Standing Waves - Tyler Kimball & Sean Corriveau
Standing waves were first noticed by Michael Faraday in 1831 through the observance of water in a container. Faraday noticed the vibrations on the surface of the liquid, but it would not be until the 1860s that this phenomena would be characterized thoroughly by Melde Franz. Melde Franz would be the one to characterize the vibrations as standing waves with the use of strings tied to a tuning fork. "Melde's Experiment" attempted to demonstrate that mechanical waves undergo interface phenomena, and that these waves traveled in opposite directions to form immobile points known as nodes. The name 'standing wave' was dubbed due to the ends attached to the forks (nodes) are fixed which transfer energy toward the string creating areas of high and low pressure points where the desired particles can be directed towards. These pressure changes are caused by the magnitude of the amplitude and the certain number of periods that one can fit in the nodes. Through the introduction of these forces scientists make it possible to achieve particle separation.
Standing Wave Separation
Standing waves are typically used for the separation of suspended particles in a liquid acoustic field. The interaction of standing ultrasonic waves with particles dispersed in a fluid produces forces on the particles, which can be utilized for the separation of the dispersed particles from the fluid. The pressure differences created from the combination of amplitudes correlate to the number of periods in a wave. There are four wave principles that are used for separation: bands effect, acoustophoretic coefficient, particle density, and sweep frequency. The larger the particle the easier the it is to force the particle to the desired location and once the particle has reached the location the rest of the particles of similar size will band together which is known as the band effect. Particles of similar size will always line up together and congregate following one after the other making the standing wave separation very useful especially if you have particles of different sizes. The acoustophoretic coefficient is used to create the force necessary for the desired particle to separate and maintain suspension in the liquid. This coefficient is dependent on characteristics of size, density, and trajectory of a particle. These properties thus allow for calculations of compressibility to be performed and correlate to the standing motion of a wave. The sweep frequency is the frequency necessary to maintain a standing wave at the initial time a moving wave is produced. A continuous frequency is necessary to maintain the wave for separation, that is, when driving frequency being applied to a system is equal to its natural frequency. Producing standing waves is relatively effortless compared to traveling waves of the same amplitude, as traveling waves would require a more complex frequency.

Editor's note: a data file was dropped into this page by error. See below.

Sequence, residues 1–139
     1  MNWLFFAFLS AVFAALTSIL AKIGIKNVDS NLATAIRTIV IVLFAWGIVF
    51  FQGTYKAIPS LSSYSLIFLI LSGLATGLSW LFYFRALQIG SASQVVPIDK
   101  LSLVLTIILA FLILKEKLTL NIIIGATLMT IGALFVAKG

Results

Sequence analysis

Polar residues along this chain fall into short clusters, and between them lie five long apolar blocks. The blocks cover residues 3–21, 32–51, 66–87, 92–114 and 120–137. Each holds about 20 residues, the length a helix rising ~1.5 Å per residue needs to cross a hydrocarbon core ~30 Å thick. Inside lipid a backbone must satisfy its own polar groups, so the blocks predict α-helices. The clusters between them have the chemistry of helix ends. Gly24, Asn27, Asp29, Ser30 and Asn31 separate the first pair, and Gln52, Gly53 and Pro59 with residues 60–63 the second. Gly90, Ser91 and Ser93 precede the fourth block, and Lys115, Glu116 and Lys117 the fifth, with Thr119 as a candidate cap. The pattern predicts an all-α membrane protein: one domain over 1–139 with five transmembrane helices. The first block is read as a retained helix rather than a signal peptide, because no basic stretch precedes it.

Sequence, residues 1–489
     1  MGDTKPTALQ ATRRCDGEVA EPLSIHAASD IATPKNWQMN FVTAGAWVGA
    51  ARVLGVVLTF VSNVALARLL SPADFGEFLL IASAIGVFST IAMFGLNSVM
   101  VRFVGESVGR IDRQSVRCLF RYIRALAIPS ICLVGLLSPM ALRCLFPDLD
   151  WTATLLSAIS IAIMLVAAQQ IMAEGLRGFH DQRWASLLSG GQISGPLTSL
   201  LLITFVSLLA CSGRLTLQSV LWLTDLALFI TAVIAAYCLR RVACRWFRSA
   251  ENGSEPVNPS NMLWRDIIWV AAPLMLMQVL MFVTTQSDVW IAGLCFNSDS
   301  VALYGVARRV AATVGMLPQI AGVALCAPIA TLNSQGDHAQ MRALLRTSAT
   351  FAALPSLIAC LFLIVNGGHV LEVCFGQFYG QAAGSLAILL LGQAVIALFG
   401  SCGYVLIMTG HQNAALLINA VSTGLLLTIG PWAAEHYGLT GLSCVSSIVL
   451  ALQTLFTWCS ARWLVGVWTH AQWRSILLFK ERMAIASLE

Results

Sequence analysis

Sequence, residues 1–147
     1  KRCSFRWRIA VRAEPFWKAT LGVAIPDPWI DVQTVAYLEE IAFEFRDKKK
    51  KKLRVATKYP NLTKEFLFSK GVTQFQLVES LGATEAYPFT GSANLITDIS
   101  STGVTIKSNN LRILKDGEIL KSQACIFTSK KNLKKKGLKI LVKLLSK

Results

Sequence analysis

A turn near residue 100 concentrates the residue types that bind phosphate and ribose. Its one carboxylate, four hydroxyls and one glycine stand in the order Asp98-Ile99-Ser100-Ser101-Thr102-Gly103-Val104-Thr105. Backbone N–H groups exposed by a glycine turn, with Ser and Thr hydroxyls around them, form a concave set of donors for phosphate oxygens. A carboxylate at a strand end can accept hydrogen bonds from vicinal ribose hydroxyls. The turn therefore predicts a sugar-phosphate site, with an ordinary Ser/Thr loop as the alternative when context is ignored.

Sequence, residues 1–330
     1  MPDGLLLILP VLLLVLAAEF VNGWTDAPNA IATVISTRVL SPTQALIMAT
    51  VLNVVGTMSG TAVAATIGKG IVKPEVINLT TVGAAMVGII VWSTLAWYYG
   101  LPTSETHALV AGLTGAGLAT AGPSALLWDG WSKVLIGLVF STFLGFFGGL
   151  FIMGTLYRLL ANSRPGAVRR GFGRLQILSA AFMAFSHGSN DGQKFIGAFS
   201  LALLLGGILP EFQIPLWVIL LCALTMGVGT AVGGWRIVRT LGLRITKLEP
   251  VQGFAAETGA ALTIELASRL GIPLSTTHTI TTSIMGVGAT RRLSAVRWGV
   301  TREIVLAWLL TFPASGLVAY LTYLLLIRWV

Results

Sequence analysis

Standing waves can be applied to several different areas of microfluidics, with one of the main uses being for separation of particles. Laurel et al. used standing waves in their elastomer microfluidic device to separate particles of different sizes into bands that can be tracked. They would later use the particles for desired experiments. Other areas where standing waves can be used are petroleum separation when dealing with the un-refined oil that is mixed with various compounds until separation. In offshore extraction of crude oil, water is produced in oil emulsion and requires significant chemical demulsifiers to destroy the oil/water film. Standing waves have been found to be useful in reducing the dosage of these chemicals, as chambers using acoustic radiation can induce the joining of stable water droplets at pressures within the standing wave field.
The use of algorithms to manipulate acoustic waves and microparticle environments has also recently been researched with the goal of working towards manipulation of microparticles inside unstructured environments. Yiannacou and Sariola propose a closed-loop two-dimensional algorithm model for particle manipulation that controls the frequency of a single transducer and adapts to chip and particle property changes. In terms of cell and particle sorting, this method is revolutionary as a form of contactless manipulation, and paves way for new discoveries in microchip fabrication properties.
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